Papuan habitation is estimated to have begun between 42,000 and 48,000 years ago in New Guinea. Trade between New Guinea and neighboring Indonesian islands was documented as early as the seventh century, and archipelagic rule of New Guinea by the 13th. At the beginning of the seventh century, the Sumatra-based empire of Srivijaya (7th century–13th century) engaged in trade relations with western New Guinea, initially taking items like sandalwood and birds-of-paradise in tribute to China, but later making slaves out of the natives. The rule of the Java-based empire of Majapahit (1293–1527) extended to the western fringes of New Guinea. Recent archaeological research suggests that 50,000 years ago people may have occupied sites in the highlands at New Guinean altitudes of up to 2,000 m (6,600 ft), rather than being restricted to warmer coastal areas.
Legends of Terra Australis Incognita—an "unknown land of the South"—date back to Roman times and before, and were commonplace in medieval geography, although not based on any documented knowledge of the continent. Ancient Greek philosopher Aristotle speculated of a large landmass in the southern hemisphere, saying, "Now since there must be a region bearing the same relation to the southern pole as the place we live in bears to our pole...". His ideas were later expanded by Ptolemy (2nd century AD), who believed that the lands of the Northern Hemisphere should be balanced by land in the south. The theory of balancing land has been documented as early as the 5th century on maps by Macrobius, who uses the term Australis on his maps.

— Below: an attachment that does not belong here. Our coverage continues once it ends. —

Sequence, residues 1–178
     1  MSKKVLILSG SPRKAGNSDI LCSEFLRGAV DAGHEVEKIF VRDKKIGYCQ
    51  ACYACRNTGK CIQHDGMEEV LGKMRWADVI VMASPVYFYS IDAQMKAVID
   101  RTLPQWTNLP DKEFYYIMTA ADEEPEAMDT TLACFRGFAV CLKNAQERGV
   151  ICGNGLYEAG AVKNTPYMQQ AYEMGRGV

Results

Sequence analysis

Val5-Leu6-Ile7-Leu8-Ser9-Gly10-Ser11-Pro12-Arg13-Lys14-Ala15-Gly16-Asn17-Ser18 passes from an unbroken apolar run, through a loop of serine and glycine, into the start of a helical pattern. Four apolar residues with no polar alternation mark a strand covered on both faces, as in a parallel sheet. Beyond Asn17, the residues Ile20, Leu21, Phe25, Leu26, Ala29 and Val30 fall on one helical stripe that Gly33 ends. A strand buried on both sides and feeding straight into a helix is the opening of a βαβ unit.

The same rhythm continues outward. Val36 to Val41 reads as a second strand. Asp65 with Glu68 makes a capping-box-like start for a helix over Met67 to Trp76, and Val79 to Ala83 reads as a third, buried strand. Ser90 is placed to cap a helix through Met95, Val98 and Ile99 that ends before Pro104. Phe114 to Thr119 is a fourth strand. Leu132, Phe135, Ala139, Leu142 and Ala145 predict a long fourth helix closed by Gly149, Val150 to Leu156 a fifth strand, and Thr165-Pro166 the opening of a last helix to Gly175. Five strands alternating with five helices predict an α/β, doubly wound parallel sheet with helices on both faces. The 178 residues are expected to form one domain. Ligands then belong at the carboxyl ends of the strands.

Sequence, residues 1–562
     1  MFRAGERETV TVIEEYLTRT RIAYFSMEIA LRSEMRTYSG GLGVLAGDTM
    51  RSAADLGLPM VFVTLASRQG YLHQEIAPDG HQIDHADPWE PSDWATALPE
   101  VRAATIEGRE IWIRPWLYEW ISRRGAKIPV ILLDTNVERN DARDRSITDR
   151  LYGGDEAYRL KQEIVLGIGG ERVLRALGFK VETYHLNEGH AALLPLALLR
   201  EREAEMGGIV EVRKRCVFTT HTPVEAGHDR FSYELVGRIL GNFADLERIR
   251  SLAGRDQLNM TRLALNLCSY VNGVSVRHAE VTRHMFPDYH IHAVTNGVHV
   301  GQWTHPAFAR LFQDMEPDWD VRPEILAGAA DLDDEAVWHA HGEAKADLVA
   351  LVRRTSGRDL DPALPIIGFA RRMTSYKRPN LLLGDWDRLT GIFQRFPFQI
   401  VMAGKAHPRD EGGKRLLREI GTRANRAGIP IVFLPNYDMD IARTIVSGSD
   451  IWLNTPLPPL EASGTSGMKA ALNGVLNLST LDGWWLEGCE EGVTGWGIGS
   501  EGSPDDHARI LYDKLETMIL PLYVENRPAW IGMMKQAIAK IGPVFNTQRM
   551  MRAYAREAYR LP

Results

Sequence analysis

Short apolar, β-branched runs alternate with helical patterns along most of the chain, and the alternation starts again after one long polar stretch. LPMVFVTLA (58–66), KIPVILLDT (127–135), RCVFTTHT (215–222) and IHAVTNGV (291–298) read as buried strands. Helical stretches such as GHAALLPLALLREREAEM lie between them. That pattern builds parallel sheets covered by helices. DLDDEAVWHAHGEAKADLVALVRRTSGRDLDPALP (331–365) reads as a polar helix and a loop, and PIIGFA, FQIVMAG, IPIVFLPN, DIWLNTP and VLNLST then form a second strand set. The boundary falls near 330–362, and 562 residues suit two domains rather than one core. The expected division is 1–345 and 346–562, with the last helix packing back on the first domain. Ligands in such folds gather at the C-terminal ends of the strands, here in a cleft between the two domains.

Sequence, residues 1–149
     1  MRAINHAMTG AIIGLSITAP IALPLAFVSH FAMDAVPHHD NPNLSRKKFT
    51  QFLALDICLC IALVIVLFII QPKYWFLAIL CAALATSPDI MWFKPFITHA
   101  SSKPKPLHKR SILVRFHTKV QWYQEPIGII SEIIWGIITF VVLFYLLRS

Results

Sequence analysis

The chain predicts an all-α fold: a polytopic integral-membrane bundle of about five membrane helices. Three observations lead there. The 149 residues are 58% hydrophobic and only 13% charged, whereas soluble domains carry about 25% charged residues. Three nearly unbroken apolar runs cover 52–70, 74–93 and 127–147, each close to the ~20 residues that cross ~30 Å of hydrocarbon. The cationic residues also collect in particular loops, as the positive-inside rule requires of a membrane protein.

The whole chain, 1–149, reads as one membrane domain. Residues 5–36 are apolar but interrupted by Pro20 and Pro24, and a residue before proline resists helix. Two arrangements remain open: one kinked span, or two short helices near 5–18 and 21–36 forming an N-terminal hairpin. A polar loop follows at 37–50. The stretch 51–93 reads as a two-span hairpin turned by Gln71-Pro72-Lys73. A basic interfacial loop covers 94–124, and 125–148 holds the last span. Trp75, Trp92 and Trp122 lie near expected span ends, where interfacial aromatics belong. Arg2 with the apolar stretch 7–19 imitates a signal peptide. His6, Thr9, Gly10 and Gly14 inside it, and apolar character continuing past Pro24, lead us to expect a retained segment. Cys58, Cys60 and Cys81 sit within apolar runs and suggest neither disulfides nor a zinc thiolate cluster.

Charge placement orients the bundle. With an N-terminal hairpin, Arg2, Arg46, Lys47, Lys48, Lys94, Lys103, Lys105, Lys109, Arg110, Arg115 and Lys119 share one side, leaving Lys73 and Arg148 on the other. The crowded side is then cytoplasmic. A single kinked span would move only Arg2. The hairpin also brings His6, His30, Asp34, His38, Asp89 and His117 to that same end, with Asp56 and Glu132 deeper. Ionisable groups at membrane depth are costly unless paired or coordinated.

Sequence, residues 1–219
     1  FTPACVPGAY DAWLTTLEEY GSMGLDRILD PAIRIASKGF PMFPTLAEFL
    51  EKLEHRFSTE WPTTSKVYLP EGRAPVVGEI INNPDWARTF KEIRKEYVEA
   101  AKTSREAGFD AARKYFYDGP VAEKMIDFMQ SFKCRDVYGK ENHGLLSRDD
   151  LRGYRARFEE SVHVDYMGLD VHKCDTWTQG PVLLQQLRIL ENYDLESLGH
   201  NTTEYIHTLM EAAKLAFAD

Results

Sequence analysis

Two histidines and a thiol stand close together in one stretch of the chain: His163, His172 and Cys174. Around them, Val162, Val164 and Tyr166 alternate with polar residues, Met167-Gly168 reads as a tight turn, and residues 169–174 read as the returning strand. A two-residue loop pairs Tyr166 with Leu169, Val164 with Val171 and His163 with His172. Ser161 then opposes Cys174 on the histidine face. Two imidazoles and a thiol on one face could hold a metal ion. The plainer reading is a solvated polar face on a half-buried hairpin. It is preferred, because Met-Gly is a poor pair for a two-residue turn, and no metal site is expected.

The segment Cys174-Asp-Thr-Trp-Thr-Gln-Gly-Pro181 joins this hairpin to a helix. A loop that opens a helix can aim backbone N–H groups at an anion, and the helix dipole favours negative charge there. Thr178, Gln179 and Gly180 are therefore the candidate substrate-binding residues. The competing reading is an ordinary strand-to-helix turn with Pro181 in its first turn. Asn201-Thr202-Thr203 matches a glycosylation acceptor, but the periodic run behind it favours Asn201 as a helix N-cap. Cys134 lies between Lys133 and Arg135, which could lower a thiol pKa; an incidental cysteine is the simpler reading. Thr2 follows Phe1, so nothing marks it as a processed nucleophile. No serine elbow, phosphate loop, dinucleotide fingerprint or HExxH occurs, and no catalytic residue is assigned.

Terra Australis, a hypothetical continent first posited in antiquity, appeared on maps between the 15th and 18th centuries. Scientists, such as Gerardus Mercator (1569) and Alexander Dalrymple as late as 1767 argued for its existence, with such arguments as that there should be a large landmass in the south as a counterweight to the known landmasses in the Northern Hemisphere. The cartographic depictions of the southern continent in the 16th and early 17th centuries, as might be expected for a concept based on such abundant conjecture and minimal data, varied wildly from map to map; in general, the continent shrank as potential locations were reinterpreted. At its largest, the continent included Tierra del Fuego, separated from South America by a small strait; New Guinea; and what would come to be called Australia.
In 1606 Dutch navigator Willem Janszoon made the first documented European sight and landing on the continent of Australia in Cape York Peninsula. Dutch explorer Abel Janszoon Tasman circumnavigated and landed on parts of the Australian continental coast and discovered Van Diemen's Land (now Tasmania), New Zealand in 1642, and Fiji islands. He was the first known European explorer to reach these islands.